While people everywhere are trying to identify their purpose during this trying time, one woman is quite literally running toward hers with a 100-mile run on Friday for a good cause.
Colorado-native Kalyca Zarich took up running as a way to deal with depression and anxiety that she was experiencing during college. And while her initial goals were to run a half marathon, and then a marathon, she quickly set her sights on some longer distances as she entered the territory of ultrarunning.
“After completing a couple of marathons, I got intrigued by the ultrarunning, which is basically anything over 26.2 miles,” Zarich tells Yahoo Life. “I was particularly interested in trying a 50-mile distance. So I did my first 50 mile-race in 2013.”
At the time, a family friend had been coaching Zarich to achieve what she thought were lofty goals, ultimately leading up to her first 100-mile event. But her motivation took a hit when she experienced the death of both her mom and dad just two years ago.
“I was trying to find ways to cope with the grief and the loss. I’ll be honest, at first, it wasn’t the most healthy of habits that I was selecting. And then I sort of just snapped out of it and kind of realized what they would want for me and my life,” she explains. “I think over the last year and a half, especially, running has been a tremendous outlet for me.”
Like she had during her formative college years, Zarich turned toward running yet again to help with her mental health and to shift her focus onto some longtime goals. Ultimately 2019 became her “biggest adventure year yet,” running four 50-mile races and a 100-mile race just last fall.
Now, she admits that it was “a little bit too much.” But while taking a break to focus on her career at Orange Theory Fitness where she works as a manager and coach, Zarich had maintained her motivation, which led her to sign up for a 100-mile event set to take place in her home state of Colorado on June 13.
Since then, the coronavirus pandemic has led to the cancellation of the race, as well as Zarich being furloughed. And again, the 30-year-old has found herself in a place where she’s struggling to identify her purpose.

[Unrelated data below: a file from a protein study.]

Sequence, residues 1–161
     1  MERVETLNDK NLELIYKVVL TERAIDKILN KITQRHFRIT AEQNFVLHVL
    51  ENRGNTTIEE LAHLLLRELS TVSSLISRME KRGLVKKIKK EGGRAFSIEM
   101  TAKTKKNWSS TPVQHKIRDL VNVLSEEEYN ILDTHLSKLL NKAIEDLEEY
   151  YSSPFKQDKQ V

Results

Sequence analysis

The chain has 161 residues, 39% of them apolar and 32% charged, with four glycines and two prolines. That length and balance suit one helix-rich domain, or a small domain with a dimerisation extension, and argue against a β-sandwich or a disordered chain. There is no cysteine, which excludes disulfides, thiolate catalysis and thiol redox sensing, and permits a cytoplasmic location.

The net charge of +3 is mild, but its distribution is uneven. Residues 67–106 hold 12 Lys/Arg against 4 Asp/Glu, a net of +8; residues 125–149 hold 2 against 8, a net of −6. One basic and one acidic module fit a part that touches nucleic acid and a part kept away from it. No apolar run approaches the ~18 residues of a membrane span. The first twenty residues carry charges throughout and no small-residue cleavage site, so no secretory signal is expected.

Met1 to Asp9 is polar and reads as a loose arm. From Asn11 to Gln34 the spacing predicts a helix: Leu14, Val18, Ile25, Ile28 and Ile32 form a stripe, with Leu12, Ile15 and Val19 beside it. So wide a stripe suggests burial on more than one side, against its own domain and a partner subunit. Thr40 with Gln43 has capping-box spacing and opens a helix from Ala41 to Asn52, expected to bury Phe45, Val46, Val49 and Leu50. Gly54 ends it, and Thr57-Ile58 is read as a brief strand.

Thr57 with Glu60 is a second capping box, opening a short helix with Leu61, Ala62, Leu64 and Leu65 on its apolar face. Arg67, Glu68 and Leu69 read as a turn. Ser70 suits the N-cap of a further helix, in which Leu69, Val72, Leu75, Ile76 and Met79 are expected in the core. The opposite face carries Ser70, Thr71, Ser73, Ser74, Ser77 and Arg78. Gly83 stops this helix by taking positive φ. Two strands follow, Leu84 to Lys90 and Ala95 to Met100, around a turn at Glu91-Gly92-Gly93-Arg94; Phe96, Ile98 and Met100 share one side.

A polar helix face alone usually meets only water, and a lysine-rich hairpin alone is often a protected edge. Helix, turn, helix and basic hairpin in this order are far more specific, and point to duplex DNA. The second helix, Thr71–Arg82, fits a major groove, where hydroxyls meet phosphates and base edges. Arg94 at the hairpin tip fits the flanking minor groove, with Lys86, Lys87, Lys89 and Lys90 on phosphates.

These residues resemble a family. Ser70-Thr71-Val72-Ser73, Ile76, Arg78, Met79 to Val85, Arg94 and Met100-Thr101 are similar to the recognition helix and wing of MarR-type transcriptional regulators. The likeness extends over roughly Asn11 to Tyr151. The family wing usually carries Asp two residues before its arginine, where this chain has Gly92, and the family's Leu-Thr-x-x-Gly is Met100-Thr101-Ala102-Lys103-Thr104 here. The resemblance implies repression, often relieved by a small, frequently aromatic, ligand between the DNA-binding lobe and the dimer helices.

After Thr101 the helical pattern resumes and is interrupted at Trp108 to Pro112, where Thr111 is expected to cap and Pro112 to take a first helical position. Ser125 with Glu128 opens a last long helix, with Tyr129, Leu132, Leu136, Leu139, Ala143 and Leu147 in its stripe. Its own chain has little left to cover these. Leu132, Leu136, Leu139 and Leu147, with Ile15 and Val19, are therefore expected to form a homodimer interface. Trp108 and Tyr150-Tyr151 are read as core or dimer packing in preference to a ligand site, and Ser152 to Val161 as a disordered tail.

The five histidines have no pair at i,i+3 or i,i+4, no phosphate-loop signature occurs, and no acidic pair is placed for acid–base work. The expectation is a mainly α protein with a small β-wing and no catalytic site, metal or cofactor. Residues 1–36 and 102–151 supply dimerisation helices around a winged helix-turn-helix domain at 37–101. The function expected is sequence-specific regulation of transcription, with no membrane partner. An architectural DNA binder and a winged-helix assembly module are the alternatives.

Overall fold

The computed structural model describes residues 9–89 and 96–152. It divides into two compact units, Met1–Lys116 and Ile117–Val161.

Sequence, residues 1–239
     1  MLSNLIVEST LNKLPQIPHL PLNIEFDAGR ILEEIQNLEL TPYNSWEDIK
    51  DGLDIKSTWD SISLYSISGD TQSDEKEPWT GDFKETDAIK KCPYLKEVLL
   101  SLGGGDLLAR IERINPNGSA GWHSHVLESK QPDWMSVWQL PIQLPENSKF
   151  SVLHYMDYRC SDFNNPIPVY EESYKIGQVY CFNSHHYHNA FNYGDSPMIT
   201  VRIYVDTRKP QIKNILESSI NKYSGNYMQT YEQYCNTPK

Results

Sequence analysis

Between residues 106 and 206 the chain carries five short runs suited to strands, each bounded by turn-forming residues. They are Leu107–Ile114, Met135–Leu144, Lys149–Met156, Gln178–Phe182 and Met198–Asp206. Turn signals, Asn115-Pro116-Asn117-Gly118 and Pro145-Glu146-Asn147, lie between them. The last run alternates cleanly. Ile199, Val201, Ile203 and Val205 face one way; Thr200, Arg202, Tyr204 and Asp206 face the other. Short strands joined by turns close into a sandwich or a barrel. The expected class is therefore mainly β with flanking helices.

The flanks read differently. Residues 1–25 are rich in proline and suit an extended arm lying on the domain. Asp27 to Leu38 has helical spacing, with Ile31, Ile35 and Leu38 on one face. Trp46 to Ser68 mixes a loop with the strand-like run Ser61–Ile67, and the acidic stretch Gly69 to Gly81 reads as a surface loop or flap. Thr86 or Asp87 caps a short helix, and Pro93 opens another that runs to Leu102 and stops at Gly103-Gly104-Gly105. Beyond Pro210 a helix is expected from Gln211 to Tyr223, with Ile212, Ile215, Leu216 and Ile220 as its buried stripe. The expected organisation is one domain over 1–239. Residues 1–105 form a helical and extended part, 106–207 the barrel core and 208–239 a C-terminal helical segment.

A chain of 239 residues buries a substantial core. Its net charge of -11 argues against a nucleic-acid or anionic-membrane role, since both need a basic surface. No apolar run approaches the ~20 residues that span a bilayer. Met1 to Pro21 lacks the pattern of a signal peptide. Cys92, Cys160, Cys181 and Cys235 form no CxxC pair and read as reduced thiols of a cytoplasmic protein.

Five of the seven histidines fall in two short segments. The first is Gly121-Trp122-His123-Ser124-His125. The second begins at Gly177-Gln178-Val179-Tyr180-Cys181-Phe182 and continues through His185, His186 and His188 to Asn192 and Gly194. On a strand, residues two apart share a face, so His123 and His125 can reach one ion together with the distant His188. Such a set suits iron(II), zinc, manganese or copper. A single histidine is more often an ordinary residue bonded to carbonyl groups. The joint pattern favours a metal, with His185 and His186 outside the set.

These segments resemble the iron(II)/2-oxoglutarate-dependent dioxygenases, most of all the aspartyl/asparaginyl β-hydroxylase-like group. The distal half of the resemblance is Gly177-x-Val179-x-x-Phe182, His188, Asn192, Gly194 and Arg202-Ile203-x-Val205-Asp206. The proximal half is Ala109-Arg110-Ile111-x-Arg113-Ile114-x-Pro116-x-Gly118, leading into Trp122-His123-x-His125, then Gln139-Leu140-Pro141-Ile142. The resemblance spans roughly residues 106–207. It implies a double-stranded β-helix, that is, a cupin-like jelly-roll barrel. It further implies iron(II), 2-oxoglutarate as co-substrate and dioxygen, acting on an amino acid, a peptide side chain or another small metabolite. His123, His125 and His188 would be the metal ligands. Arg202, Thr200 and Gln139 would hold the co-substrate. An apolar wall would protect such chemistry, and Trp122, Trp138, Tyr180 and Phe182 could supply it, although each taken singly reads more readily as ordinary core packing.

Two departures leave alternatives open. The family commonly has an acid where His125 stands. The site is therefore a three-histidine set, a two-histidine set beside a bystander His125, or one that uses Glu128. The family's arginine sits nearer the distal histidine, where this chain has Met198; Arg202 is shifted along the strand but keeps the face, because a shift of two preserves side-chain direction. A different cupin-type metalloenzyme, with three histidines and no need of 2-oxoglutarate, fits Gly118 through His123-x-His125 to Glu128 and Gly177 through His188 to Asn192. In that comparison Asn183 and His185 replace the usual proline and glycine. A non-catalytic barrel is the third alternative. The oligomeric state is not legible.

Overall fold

“When all this happened, I was taken aback and really struggling to reconcile all of the changes,” she says. “I was sad and I was disappointed, but in a lot of ways, the running of the event is about so much more than the actual event.”
Zarich had already set a goal of running the 100 miles within 24 hours. Then she saw a friend of hers do a 24-hour run on a treadmill to raise money for a good cause. “She told me, ‘The time’s gonna pass anyways, so why not do something impactful with the extra time that we have right now?’” Zarich recalls. “I feel like that’s really resonated with me.”
Zarich was put in touch with the founder of Project Helping — an organization that focuses on improving mental health through intentional acts of kindness and gratitude — to put together a fundraising page where she is raising money in tandem with her run in order to send care packages for health care workers on the frontline.
“I wanted to put my time that I’d spent training to good use. And I thought what better way than to give back to the people that are really putting it all on the line for us right now,” she explains.
As she plans to reach her goal to run 100 miles within 24 hours on Friday, Zarich also hopes to raise $5,000 in order to provide 500 health care workers with these care packages. She’s added an extra incentive for herself and those donating by creating power hours. “For a one-time $100 donation, you can select a costume that I will run the next loop in. Or you can donate $100 and dedicate a 6.5-mile loop to a friend, a loved one, a health care worker or to someone’s memory.”
Most importantly, she wants everyone to have the chance to support those fighting the coronavirus while otherwise feeling powerless. “We’ve all had to endure a lot in this time and it has been truly a crisis. But I just think of those health care workers and first responders and how they are putting on their uniforms, putting on their scrubs and not given all the protective equipment in some cases that they need, and they’re just fearlessly going in and saving people’s lives,” she says. “This has just shown shone such a light on what they do and what they endure and I am just like, anything I can do to show my gratitude, I’ll do it.”
Although Zarich plans to run a majority of the 100 miles alone, she hopes to have people cheering her on by following her updates on Facebook. As for how she’ll feel after accomplishing this massive feat she says, “I can already anticipate that there will be tears of happiness and gratitude.”
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